In Syria, government forces are pressing an all-out assault on the besieged rebel-held Damascus suburb of Eastern Ghouta. Syrian ground forces advanced over the weekend, effectively cutting the territory into three parts. Human rights groups say the assault has killed more than 1,100 people in the last month. The U.N. estimates some 400,000 civilians remain trapped in Eastern Ghouta and are in desperate need of food, water and medicine. The Syrian Civil Defense rescue group, known as the White Helmets, accused Syria’s government of using chlorine gas and incendiary white phosphorus munitions. Syria’s government denies using chemical weapons. Meanwhile, Turkish troops have massed on the outskirts of the Kurdish-held northern city of Afrin and appear poised for an invasion. Over the weekend, thousands of Afrin’s residents fled the city amid stepped-up airstrikes by Turkish warplanes.
The British government has approved the sale of 48 advanced fighter jets to Saudi Arabia—despite protests by human rights groups who say the warplanes will add to war crimes committed by the Saudi-led coalition in Yemen. The U.S.- and British-backed, Saudi-led airstrikes and naval blockade have devastated Yemen’s health, water and sanitation systems, sparking a massive cholera outbreak and pushing millions of Yemenis to the brink of starvation. Thousands of Yemenis have been killed.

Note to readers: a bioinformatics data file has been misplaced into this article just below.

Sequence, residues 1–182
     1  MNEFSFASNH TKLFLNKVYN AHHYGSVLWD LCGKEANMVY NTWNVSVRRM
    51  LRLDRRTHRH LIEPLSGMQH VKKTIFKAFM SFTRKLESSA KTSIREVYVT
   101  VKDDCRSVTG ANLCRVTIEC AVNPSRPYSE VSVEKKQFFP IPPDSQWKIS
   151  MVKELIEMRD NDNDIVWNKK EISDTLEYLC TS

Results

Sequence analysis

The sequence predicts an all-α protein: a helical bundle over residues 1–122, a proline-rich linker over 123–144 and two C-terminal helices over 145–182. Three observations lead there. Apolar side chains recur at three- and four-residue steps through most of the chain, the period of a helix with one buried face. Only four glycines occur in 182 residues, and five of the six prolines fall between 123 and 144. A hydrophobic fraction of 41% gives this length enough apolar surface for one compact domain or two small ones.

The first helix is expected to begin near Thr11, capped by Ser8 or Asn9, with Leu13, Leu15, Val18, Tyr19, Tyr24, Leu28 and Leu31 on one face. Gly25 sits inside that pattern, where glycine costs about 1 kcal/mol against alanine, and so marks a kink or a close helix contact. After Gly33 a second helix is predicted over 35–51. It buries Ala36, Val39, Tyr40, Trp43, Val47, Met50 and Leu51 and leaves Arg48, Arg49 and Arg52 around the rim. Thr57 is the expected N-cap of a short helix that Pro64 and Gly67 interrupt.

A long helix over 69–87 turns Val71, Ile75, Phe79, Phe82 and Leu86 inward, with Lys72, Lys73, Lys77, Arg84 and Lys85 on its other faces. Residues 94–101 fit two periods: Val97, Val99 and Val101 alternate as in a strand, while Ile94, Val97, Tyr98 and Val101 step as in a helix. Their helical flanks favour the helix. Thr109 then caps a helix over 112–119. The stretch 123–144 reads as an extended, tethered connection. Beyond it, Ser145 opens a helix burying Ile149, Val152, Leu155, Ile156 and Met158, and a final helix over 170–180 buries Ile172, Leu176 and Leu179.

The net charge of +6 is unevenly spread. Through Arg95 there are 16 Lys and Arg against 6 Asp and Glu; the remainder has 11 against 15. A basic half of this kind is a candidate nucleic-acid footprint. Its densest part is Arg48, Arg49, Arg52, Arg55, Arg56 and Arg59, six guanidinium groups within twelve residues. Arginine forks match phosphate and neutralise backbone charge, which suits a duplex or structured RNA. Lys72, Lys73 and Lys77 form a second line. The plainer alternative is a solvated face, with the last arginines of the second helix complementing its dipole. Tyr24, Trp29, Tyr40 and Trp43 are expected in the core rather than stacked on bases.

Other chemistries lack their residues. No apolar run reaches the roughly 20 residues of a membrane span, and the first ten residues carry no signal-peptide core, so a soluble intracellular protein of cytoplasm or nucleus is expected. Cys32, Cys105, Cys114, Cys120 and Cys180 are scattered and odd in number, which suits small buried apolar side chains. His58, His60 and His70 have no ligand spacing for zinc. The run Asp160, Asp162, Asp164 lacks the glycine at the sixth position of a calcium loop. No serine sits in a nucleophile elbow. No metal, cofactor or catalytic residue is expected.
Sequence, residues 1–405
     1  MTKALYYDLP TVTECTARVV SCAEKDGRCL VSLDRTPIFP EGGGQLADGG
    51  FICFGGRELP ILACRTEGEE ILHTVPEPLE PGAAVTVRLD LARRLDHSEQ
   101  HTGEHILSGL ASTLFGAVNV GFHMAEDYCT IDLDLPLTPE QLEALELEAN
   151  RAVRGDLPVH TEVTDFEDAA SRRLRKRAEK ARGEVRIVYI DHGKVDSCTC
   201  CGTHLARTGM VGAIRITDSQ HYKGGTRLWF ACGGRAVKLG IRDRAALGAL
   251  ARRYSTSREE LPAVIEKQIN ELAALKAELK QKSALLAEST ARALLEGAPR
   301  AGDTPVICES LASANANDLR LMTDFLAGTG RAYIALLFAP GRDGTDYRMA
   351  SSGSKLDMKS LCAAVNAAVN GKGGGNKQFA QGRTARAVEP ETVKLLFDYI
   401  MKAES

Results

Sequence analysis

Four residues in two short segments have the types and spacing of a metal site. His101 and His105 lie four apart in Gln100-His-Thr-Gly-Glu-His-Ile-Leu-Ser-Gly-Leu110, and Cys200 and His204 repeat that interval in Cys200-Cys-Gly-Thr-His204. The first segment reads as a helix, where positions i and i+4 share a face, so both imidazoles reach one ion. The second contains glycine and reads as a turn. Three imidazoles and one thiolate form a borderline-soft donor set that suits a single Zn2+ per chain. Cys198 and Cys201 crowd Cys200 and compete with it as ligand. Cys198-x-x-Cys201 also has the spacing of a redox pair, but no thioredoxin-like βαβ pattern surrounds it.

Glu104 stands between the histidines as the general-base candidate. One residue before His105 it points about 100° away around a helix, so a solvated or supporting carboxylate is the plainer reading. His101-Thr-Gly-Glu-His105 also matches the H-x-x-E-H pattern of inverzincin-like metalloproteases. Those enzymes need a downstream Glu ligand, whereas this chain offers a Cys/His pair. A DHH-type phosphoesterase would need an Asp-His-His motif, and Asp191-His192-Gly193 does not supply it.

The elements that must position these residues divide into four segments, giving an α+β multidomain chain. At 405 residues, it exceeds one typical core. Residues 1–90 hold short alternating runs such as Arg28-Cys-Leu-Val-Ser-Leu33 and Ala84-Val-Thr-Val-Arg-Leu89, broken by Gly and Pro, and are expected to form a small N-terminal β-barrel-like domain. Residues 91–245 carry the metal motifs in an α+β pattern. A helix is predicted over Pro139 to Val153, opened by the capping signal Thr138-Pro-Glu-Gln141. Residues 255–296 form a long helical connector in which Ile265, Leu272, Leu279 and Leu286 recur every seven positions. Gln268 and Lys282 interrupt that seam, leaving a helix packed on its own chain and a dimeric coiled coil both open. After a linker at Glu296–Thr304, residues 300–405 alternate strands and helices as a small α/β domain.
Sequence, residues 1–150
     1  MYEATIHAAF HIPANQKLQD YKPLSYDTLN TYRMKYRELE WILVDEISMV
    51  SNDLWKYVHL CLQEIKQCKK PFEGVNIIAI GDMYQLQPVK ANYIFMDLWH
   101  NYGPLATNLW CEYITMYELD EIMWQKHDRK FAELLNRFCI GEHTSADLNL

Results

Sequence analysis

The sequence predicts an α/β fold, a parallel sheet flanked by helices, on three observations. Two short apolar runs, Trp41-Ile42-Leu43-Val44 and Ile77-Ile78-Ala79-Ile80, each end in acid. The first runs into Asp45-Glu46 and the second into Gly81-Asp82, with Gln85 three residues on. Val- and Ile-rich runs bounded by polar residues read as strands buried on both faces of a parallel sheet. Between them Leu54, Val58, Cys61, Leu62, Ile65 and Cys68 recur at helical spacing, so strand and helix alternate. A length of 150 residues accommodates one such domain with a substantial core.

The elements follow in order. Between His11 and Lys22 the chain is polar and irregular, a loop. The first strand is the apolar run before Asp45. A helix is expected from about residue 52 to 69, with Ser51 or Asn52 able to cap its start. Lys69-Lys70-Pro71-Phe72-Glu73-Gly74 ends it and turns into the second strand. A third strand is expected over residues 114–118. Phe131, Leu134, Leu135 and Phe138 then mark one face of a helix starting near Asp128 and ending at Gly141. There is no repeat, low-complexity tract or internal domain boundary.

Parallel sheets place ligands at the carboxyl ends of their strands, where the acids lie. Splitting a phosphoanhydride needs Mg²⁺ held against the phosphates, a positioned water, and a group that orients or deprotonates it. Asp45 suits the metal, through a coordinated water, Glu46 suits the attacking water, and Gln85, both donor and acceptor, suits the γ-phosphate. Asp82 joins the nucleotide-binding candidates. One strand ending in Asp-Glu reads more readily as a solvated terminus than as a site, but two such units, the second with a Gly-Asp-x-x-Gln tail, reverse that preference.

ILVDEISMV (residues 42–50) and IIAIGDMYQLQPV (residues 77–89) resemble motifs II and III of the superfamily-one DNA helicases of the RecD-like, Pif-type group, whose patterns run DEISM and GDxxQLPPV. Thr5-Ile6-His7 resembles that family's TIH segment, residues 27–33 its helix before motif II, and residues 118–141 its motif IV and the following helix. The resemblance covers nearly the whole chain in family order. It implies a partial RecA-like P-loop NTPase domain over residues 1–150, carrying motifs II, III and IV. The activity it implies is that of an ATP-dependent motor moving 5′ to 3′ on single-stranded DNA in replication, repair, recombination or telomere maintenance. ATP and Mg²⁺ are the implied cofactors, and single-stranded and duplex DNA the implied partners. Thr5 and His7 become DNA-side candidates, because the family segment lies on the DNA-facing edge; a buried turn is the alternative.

In China, the National People’s Congress voted Sunday to remove presidential term limits from the Chinese constitution, clearing the way for President Xi Jinping to rule indefinitely. Only two of the Communist Party’s 3,000 delegates voted against the change, which will also enshrine so-called Xi Jinping Thought as part of China’s constitution. This month, President Trump praised Chinese President Xi for consolidating power, saying, “He’s now president for life. … I think it’s great. Maybe we’ll have to give that a shot some day.”
President Trump’s former chief strategist, Steve Bannon, told members of a French far-right party that they should wear charges of racism and xenophobia as a “badge of honor.” Bannon was speaking in Lille at a convention of the National Front—which is known for its anti-Semitic rhetoric and anti-immigrant policies.
Stephen Bannon: “Let them call you racist. Let them call you xenophobes. Let them call you nativist. Wear it as a badge of honor, because every day we get stronger and they get weaker.”